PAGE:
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Pyramid (game show)

Pyramid is an American television game show where contestants try to guess a series of words or phrases, based on descriptions that were given to them, in the shortest amount of time.

Broadcast history

Pyramid has gone through several name changes over the years, with the title originally reflecting the top prize that contestants can win in that version.

The show debuted as The $10,000 Pyramid on March 26, 1973. It ran for one year on CBS before it was canceled. ABC picked up the show on May 6, 1974, and on January 19, 1976, the show was renamed The $20,000 Pyramid. A once-a-week nighttime syndicated version, called The $25,000 Pyramid, ran from 1974 until 1979. ABC's daytime version ended its run on June 27, 1980.

After a short-lived syndicated revival, known as The $50,000 Pyramid, failed in 1981, the show returned to CBS as The New $25,000 Pyramid on September 20, 1982 (the "New" was eventually dropped from the title). The last episode aired on December 31, 1987, but viewer demand caused CBS to bring the show back to its daytime schedule on April 4, 1988, after the game show Blackout failed in Pyramid's time slot. The revival only lasted until July 1 of that year, as CBS premiered its new version of Family Feud the following week.

Daily syndicated versions aired from 1985 to 1988, and again in 1991, as The $100,000 Pyramid.

In the fall of 2002 Pyramid -- without any dollar amount in the title -- returned in syndication.


Dick Clark hosted all network versions, the syndicated $50,000 Pyramid, and the original $100,000 Pyramid. Bill Cullen hosted the 1974-79 version of The $25,000 Pyramid, and John Davidson hosted the 1991 revival of The $100,000 Pyramid.

Donny Osmond hosts the current version of Pyramid.

Main game

Two teams, consisting of one celebrity player and one contestant, compete against each other. Six categories, each of which has a name pertaining to what that category is about, are placed on the pyramid-shaped game board. A contestant chooses one of those categories, and after the host explains the subject of that category, the contestant is given 20 seconds to guess six words, phrases, or names (30 seconds for seven in past versions of Pyramid) using clues given by his/her celebrity partner. If any descriptions were deemed illegal by the judges -- usually when all or part of the word or phrase is given -- the clue was immediately thrown out and the contestant couldn't earn any points for it.

Once time has expired or the contestant guesses all of the necessary clues (whichever comes first) the opposing team follows the same procedures.

Three rounds, with two categories per round, are played in the main game. While the celebrity gives the clues and the contestant receives them in the first round, the roles are reversed in the second round -- the celebrity receives the clues. In the third round the contestant has the option to give or receive.

The winner at the end of three rounds wins the game and has a chance to play in the Winner's Circle bonus round. If the score is tied after three rounds, tiebreaker rounds are played using words that begin with a letter of the alphabet.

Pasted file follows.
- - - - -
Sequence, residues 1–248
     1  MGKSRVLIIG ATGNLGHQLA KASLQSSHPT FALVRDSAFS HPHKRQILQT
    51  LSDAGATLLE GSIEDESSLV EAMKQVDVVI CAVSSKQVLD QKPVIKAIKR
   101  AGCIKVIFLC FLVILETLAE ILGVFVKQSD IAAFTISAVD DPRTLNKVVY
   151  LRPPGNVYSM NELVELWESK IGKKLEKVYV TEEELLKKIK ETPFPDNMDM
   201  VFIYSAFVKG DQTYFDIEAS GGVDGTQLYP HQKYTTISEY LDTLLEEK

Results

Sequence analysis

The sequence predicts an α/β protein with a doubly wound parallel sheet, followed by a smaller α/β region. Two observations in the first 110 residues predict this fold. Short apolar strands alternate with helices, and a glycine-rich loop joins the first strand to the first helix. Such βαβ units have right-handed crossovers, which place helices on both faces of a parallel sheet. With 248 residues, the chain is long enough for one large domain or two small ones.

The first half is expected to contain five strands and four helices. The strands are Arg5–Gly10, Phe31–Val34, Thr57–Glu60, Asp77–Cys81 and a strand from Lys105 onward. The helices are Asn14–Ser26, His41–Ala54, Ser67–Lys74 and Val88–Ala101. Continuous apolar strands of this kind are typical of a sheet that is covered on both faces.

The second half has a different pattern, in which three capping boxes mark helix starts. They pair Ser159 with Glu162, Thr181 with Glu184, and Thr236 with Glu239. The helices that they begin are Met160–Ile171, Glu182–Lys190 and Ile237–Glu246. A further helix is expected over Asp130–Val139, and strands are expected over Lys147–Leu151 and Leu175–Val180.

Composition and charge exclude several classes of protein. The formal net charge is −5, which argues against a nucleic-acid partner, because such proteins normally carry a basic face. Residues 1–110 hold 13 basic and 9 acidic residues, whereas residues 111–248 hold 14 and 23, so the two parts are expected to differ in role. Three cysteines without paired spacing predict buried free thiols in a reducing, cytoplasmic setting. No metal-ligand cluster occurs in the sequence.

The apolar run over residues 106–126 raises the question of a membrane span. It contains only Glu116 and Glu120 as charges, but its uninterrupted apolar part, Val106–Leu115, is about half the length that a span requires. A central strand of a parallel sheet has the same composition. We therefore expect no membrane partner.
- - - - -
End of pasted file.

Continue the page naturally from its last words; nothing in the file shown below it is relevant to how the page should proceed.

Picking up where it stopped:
One randomly-chosen category in each game contains a hidden bonus, which allows the contestant to win additional cash or prizes if all of the clues are guessed correctly.

The 1970s versions featured the "Big 7," where contestants could win $500 for seven correct answers. The 1982-88 versions featured the "7-11," where contestants won $1,100 for seven correct answers in that subject, and the "Mystery 7," where contestants won a prize for seven correct answers without receiving the subject of that category from the host. The current Pyramid features a "Super Six" in each game, where contestants win a prize for guessing all six clues correctly within the 20-second time limit.

The Winner's Circle

The Winner's Circle round, named for the circular structure around the chairs that the celebrity and contestant sat in, also features a pyramid of six subjects: three on the bottom level, two in the middle, and one at the top. Each subject, however, is revealed one at a time, and whoever gives the clues (usually the celebrity) has to give a list of objects that fits into that subject; any other descriptions or use of hand gestures results in immediate disqualification of that category. The subjects increase in difficulty toward the top of the pyramid.

The contestant has 60 seconds to get to the top of the pyramid by guessing all six subjects correctly; doing so wins the grand prize, which has changed with each incarnation of the show (the current version offers $10,000 for the first time a contestant reaches the Winner's Circle and $25,000 for the second if the contestant wins the first time). Contestants also win money for each correct subject if he or she fails to win the grand prize; the amount for each correct answer has also changed over the years, but more money is given for guessing more difficult subjects.

After the Winner's Circle is finished the contestant and opponent switch celebrity partners. A half-hour episode usually consists of two main games and two Winner's Circle rounds.

Tournaments were frequently held on The $100,000 Pyramid where the three contestants who reached the top of the pyramid in the shortest amounts of time played until someone won the Winner's Circle, where $100,000 was awarded. The current Pyramid also holds periodic tournaments where a contestant could win $100,000.

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